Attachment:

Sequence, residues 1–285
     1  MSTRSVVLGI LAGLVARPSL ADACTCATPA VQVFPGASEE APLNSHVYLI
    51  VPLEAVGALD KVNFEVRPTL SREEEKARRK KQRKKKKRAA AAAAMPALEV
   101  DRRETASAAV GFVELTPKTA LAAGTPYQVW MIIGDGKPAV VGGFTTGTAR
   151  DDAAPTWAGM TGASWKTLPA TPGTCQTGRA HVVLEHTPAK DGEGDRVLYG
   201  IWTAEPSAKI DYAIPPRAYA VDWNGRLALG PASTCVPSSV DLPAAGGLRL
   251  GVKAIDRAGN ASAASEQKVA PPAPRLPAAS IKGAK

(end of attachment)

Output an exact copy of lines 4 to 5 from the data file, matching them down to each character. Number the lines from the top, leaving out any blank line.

   101  DRRETASAAV GFVELTPKTA LAAGTPYQVW MIIGDGKPAV VGGFTTGTAR
   151  DDAAPTWAGM TGASWKTLPA TPGTCQTGRA HVVLEHTPAK DGEGDRVLYG